cd /var/www/site1.com/wordpress
mv * /var/www/site1.com
rmdir /var/www/site1.com/wordpress
cd /var/www/site1.com
rm latest.tar.gz
sudo chmod 777 -R /var/www/*

What this does is it moves everything from the wordpress directory to the parent directory. It then deletes the wordpress directory and the rm latest.tar.gz file. We have also set the permissions so wordpress can edit the files in site. Now we can open up site1.com and configure wordpress.

wordpress.png

When you go through the configuration process, it should look a little like this:

config.png

It should then have created the configuration file. You should now see a button to start the install:

install.png

Fill in the the form with all of the information about your new site… Your almost done! The only thing left we should do now is to set the ftp details so that you can install new things on your site. To do this, we first need to log in to phpmyadmin and create a user in our ftp database. We can do this by going in to the sql view and entering the following:

INSERT INTO `pureftpd`.`ftpd` (
`User` ,
`status` ,
`Password` ,
`Uid` ,
`Gid` ,
`Dir` ,
`ULBandwidth` ,
`DLBandwidth` ,
`comment` ,
`ipaccess` ,
`QuotaSize` ,
`QuotaFiles`
)
VALUES (
'WordPress', '1', MD5( 'password' ) , '2001', '2001', '/var/www/site1.com', '0', '0', '', '*', '0', '0'
);

Now that WordPress has its own ftp user, we will need to edit the wp-config.php file. We will do this through the terminal.

nano /var/www/site1.com/wp-config.php

If you then scroll down to the bottom and add the following lines of code then you should now be done.

define('FTP_USER', 'WordPress');
define('FTP_PASS', 'password');
define('FTP_HOST', 'localhost');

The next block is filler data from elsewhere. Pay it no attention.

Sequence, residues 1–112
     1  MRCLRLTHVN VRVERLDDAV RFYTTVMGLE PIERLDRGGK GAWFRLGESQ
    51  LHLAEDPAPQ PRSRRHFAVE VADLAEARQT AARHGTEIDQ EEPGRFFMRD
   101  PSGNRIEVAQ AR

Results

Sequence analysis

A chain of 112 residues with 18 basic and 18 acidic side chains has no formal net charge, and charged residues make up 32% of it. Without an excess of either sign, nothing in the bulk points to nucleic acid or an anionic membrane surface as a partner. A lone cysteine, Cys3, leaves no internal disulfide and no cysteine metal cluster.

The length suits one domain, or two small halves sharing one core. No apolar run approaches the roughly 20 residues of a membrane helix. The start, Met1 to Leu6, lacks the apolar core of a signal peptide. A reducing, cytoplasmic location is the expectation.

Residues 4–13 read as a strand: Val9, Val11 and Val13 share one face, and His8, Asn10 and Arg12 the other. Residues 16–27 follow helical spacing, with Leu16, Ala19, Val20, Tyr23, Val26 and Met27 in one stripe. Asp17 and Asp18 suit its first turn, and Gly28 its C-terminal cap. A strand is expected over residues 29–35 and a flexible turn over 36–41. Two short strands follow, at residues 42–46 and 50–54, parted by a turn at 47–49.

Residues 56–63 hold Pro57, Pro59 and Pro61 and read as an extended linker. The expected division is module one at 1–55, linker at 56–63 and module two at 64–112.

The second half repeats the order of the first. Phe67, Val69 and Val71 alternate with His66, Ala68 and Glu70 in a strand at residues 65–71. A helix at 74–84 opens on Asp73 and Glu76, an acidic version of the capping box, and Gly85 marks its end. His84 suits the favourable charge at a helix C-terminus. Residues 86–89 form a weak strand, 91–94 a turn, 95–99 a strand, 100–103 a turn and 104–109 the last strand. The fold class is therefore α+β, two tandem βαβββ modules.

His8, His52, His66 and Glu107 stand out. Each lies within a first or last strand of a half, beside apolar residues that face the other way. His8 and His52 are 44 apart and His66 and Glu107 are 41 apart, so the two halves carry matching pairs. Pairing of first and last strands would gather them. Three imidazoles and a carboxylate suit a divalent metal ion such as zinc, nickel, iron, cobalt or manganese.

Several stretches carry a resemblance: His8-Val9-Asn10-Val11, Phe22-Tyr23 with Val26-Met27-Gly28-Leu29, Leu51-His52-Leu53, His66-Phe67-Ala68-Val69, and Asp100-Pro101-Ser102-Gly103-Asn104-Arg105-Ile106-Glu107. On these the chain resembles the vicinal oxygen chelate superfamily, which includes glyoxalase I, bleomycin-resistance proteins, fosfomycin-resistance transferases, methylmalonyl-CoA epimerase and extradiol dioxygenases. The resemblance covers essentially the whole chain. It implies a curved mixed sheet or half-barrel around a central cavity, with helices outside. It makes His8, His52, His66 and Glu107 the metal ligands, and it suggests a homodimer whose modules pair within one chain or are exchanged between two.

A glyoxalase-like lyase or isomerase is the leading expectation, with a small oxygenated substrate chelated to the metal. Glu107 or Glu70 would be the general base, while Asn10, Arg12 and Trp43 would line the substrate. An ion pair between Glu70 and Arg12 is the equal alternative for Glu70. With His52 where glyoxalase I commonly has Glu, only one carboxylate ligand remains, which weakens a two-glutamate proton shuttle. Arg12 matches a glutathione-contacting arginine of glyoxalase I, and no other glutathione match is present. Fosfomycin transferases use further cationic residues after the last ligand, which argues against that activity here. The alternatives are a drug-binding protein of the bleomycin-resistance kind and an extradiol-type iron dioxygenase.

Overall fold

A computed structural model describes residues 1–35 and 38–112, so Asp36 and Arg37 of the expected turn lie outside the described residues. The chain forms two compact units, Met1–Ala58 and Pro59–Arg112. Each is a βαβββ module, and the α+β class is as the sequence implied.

ftp-credentials.png

After you have saved and closed that, assuming you have done everything else specified in this guide then you should have everything sorted and your new website should be perfect.


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#12 How to Change PHP Upload Limit on Ubuntu and Debian

Posted by Wilson18 on 25 May 2014 - 12:41 PM

On your website, you may find that you need to upload large files to it (more then a few MB’s) so it is useful to change phps upload limits. To do this, we first need to find out where the php.ini file is located. We can do this by writing the following file in one of your new web directories.

nano /var/www/php.php
<?php phpinfo() ?>

Once you have done this, Save and exit. visit localhost/php.php and find the following

php-location.png

Once you have found it, you need to remove the file you have just created and open and edit the config file.

rm /var/www/php.php; nano /etc/php5/apache2/php.ini

When you have the file open, you will see there are almost two thousand lines of code. To find what it is we need, I would recommend using the search function. This is done by pressing Ctrl + W

You will need to see where it says:

upload_max_filesize

and

 post_max_size

You will see that at after each of them it says = and then a number. If you change that value to 25M then it should now allow you to upload files up to 25MBs. It should look something like this:

upload_max_filesize = 25M
post_max_size = 25M

php-ini.png

Now, save and exit the file. After this, you will need to restart apache to make sure everything is working.

service apache2 restart

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#111 Getting Involved

Posted by Wilson18 on 02 March 2015 - 12:13 AM